Netanyahu faces court, party challenges after indictment


JERUSALEM (Reuters) – Israel’s top court on Sunday dismissed a petition to order Prime Minister Benjamin Netanyahu to step aside after his indictment on corruption charges.

Israeli Prime Minister Benjamin Netanyahu heads the weekly cabinet meeting at the Prime Minister’s office in Jerusalem, November 24, 2019. Sebastian Scheiner/Pool via REUTERS

The four-term conservative leader has pushed back against the indictment and also a challenge from within his ruling party by projecting business as usual, touring the country’s northern frontier and ramping up rhetoric about Iranian threats.

Netanyahu’s indictment on Thursday came amid political disarray in Israel, after neither Netanyahu nor his main challenger, centrist Benny Gantz, secured a majority in parliament in elections in April and September.

Netanyahu has denied the charges of bribery, fraud and breach of trust and said he will stay in office and defend himself.

Gideon Saar, a rival within the Likud party has challenged Netanyahu saying he would not be able to win another election and called on Likud to hold a leadership ballot.

The Movement for Quality Government in Israel, which petitioned for Netanyahu to step aside, said in its filing to the Supreme Court that the first criminal charges against a sitting prime minister constituted “the crossing of a red line and a grave blow to public trust in ruling institutions”.

The court, however, dismissed the petition to force Netanyahu to resign or temporarily recuse himself from office. It said the watchdog had not yet exhausted other avenues, such as petitioning Netanyahu directly and Israel’s attorney general.

For his part, Netanyahu kept his focus on security and toured the Golan Heights with top military brass.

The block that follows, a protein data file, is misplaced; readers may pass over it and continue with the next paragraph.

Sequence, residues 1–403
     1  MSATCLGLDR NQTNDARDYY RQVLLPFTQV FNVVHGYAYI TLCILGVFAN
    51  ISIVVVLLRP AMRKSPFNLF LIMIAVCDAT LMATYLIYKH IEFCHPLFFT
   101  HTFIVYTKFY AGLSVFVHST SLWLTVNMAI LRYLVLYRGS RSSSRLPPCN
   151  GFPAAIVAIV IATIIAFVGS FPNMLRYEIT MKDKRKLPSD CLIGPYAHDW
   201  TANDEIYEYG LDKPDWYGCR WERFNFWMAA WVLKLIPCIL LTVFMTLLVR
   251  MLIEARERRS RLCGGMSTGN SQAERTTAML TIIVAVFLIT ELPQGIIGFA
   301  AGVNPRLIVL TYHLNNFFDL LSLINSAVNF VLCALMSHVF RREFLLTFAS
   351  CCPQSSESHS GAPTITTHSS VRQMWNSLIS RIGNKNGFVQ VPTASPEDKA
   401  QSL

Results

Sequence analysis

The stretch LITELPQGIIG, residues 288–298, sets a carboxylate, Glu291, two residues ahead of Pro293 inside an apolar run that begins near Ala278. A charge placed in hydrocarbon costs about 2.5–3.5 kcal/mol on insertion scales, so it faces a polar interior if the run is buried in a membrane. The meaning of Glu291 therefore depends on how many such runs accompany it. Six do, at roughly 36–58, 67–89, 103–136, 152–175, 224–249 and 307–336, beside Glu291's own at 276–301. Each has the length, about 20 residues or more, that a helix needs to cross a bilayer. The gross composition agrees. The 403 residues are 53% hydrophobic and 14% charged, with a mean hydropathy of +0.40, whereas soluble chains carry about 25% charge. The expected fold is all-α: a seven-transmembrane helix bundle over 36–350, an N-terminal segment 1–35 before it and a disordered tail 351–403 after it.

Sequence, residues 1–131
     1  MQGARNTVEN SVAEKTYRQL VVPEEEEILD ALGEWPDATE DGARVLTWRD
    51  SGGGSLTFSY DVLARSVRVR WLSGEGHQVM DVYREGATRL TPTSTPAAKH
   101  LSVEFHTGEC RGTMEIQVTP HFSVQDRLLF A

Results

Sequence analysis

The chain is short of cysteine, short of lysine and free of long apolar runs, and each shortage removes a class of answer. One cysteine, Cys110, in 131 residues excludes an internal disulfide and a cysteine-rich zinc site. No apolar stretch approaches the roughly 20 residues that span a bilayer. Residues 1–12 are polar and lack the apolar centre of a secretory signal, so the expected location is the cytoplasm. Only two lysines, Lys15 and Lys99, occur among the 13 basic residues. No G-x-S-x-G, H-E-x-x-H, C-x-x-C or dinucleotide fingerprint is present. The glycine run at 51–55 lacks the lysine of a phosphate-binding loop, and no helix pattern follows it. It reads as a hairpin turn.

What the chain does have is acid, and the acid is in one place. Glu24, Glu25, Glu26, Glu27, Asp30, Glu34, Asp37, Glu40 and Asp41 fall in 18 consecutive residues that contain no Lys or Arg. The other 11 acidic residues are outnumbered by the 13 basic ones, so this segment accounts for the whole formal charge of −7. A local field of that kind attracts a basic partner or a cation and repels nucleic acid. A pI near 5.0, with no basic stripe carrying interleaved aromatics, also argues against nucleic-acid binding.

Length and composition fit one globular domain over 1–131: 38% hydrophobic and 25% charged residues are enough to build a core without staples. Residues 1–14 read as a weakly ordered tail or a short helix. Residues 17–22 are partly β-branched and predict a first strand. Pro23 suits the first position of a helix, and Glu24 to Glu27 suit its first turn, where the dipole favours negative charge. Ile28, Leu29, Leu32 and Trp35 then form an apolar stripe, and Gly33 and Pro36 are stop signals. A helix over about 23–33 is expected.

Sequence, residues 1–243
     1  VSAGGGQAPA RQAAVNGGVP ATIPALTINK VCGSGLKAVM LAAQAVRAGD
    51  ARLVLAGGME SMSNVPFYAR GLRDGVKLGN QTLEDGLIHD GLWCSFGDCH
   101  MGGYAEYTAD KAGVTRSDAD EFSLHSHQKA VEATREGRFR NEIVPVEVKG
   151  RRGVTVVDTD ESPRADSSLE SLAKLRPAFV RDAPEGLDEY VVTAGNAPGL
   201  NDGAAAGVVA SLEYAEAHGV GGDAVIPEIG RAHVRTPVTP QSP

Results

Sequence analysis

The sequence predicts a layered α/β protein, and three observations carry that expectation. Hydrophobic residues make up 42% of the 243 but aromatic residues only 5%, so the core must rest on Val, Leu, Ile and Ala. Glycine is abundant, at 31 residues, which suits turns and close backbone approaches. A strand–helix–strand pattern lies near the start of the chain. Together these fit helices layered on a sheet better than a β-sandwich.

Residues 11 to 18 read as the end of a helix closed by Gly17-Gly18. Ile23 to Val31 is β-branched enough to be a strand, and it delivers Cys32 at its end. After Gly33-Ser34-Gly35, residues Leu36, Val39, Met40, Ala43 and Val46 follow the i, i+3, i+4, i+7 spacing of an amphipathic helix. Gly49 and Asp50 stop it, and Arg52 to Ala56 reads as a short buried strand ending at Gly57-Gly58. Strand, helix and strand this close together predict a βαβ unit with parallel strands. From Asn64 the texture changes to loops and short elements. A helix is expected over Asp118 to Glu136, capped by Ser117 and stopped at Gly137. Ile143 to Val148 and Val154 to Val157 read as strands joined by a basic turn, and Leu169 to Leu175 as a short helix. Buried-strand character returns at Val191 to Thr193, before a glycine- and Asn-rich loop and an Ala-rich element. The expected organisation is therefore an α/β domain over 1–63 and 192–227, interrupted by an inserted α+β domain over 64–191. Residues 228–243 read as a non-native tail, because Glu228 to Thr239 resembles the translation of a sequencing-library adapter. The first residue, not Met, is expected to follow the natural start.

“I am doing everything needed to carry out government work, cabinet work … in all necessary ways, to ensure the security of the citizens of Israel and the things that are crucial for Israel,” he said in a video statement.

He reiterated concerns over Iran’s attempt to entrench itself militarily in a number of Middle East countries and said Israel “will act to prevent Iran’s attempt to make Iraq and Yemen bases for rocket and missile launches against Israel.”

But Israeli news coverage remained focused on the political challenge. Commentators said other court petitions could follow.

Gantz’s mandate to form a government – after an unsuccessful attempt by Netanyahu to do so – expired on Wednesday. The next day, Israel’s president declared a three-week period in which lawmakers can nominate one of their own to try to put together a ruling coalition.

Should that fail, a new election – Israel’s third in a year – will be triggered.

Netanyahu’s hope of securing that parliamentary nomination was challenged by Saar.

“There is only one way in which we can save the country, extricate it from the crisis and ensure the Likud’s continued rule – and that is if we go to snap primaries today, within these 21 days,” Saar told Israel’s Channel 12 television.

A less adversarial proposal was launched by a second Likud lawmaker, Nir Barkat, who called for nominating a deputy to Netanyahu who would take his place should he be forced to take a leave of absence.

The head of Likud’s central committee, Haim Katz, said he would meet with Netanyahu to decide on the two proposals.

Saar has previously said he would consider running for the top Likud slot.

While voicing appreciation for Netanyahu’s record-long term and noting he was innocent until proven otherwise, Saar criticized the premier’s attempts to cast his criminal prosecution as a “coup attempt” involving police, prosecutors and the media.

“Not only is it wrong to say that, it’s also irresponsible to say that. It’s completely out of touch,” Saar said.

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The Likud party spokesman dismissed the challenge.

“It is sad to see that while Prime Minister Netanyahu keeps Israel safe on all fronts and works to preserve Likud rule, Gideon Saar, as is his wont, is displaying zero loyalty and maximum subversion,” the spokesman said.

Writing by Dan Williams; Editing by Jeffrey Heller/Frances Kerry/Jane Merriman

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